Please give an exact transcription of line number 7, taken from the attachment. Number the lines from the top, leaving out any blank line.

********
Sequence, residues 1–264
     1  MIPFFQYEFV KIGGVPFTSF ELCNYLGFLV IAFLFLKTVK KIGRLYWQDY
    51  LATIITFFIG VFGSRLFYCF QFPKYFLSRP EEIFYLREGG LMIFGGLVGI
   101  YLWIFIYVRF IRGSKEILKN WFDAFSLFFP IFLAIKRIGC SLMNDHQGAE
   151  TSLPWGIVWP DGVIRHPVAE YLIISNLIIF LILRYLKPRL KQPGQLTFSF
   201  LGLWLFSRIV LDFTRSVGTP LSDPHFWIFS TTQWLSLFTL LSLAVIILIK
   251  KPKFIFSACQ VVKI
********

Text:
   251  KPKFIFSACQ VVKI